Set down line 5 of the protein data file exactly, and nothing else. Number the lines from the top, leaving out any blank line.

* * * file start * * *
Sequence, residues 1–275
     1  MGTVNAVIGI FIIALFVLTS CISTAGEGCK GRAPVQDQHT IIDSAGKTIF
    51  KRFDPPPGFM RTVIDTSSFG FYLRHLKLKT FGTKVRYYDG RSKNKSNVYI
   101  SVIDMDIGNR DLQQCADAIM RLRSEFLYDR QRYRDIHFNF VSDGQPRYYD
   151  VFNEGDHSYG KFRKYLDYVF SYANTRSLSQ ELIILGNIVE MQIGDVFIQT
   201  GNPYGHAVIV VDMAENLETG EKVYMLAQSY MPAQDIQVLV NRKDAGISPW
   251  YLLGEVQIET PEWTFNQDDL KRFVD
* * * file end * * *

   151  VFNEGDHSYG KFRKYLDYVF SYANTRSLSQ ELIILGNIVE MQIGDVFIQT